It’s an important question because the road to a successful career in science – as with technology, engineering and mathematics, the other STEM fields – can be challenging, often requiring a Ph.D. or other postgraduate training. And once in their fields, there can be political and economic pressures with which to contend. The Bureau of Labor Statistics projects workforce shortfalls for many science fields, though the projected needs differ across the life, physical and natural sciences.
Some 55% of working Ph.D. scientists belonging to the American Association for the Advancement of Science (AAAS) who we surveyed in 2014 said this was generally a good time for their scientific specialty, while 44% said it was a bad time. And while nearly half (47%) said it was a good or very good time to begin a career in their field, 53% said it was a bad time to start out in their field.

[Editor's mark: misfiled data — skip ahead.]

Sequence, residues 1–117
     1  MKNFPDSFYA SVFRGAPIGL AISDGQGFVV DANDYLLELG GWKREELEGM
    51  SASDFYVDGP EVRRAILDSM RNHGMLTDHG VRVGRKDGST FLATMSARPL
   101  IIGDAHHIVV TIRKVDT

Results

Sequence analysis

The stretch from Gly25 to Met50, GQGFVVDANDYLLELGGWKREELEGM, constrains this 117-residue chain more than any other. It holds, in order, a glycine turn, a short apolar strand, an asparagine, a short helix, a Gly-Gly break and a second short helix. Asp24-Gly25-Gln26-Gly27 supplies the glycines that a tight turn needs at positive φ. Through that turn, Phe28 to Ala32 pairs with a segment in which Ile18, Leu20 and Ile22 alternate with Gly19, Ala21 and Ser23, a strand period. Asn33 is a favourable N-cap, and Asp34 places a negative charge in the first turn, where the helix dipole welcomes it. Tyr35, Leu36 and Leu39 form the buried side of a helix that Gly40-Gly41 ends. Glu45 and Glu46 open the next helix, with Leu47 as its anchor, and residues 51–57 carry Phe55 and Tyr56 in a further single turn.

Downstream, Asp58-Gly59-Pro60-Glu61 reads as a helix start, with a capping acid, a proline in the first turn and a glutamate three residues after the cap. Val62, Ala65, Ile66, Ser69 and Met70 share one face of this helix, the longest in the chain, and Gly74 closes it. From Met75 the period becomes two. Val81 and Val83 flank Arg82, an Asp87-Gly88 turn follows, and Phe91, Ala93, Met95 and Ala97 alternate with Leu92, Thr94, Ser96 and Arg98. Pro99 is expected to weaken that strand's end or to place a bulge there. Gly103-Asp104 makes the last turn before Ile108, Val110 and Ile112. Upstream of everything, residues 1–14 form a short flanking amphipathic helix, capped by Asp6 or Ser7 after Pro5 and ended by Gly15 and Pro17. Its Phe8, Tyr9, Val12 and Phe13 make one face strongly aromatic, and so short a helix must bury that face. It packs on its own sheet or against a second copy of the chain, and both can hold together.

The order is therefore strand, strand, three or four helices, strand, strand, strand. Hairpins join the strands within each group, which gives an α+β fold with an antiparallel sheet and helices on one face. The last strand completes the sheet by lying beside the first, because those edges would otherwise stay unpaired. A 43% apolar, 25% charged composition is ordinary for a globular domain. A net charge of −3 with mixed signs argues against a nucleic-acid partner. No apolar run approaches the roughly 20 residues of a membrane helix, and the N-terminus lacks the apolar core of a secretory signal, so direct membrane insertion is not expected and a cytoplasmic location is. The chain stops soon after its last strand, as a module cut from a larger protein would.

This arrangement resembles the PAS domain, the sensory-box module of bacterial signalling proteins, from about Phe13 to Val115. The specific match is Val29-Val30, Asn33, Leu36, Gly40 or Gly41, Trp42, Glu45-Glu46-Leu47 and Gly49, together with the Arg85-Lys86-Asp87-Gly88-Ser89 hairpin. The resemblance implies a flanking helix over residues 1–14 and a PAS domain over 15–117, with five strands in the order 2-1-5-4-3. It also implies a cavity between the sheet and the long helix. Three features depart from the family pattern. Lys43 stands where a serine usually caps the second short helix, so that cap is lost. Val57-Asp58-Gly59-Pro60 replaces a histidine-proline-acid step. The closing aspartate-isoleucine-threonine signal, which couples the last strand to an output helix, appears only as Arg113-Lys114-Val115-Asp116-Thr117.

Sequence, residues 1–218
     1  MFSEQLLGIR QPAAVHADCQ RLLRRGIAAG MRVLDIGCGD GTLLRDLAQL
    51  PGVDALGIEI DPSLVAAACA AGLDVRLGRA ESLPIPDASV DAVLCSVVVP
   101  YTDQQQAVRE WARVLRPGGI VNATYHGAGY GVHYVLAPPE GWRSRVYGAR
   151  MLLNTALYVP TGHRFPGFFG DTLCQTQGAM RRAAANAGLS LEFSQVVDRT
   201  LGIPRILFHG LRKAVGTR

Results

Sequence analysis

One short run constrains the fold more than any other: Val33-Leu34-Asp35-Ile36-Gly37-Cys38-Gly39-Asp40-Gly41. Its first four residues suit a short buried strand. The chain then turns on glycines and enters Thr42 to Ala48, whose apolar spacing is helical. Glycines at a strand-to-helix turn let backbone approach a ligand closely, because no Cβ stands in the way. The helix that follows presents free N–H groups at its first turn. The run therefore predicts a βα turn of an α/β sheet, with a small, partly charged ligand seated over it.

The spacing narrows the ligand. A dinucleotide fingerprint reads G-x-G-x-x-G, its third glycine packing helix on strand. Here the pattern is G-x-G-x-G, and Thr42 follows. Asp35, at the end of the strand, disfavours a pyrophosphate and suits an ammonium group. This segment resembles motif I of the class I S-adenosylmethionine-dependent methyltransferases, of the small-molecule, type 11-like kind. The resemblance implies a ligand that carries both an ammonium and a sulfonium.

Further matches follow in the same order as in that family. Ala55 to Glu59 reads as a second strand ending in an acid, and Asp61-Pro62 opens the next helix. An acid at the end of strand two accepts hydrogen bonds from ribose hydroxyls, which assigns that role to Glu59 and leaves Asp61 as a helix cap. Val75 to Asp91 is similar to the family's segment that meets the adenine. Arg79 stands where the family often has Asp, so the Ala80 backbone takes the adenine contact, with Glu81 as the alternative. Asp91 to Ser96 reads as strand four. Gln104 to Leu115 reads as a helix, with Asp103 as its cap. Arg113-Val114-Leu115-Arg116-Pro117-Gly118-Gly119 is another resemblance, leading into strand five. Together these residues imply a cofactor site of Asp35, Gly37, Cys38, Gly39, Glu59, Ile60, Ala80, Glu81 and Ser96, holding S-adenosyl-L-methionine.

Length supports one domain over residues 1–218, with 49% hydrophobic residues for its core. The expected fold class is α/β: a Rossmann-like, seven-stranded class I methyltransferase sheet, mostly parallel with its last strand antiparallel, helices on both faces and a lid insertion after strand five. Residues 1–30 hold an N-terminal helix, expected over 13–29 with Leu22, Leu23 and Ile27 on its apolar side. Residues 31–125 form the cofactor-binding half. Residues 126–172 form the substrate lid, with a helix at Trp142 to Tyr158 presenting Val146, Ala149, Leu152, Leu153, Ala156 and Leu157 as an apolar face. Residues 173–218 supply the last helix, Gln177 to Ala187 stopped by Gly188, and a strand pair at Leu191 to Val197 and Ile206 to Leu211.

Chosen excerpts by Job Market Monitor. Read the whole story at Why do people become scientists? What scientists told us | Pew Research Center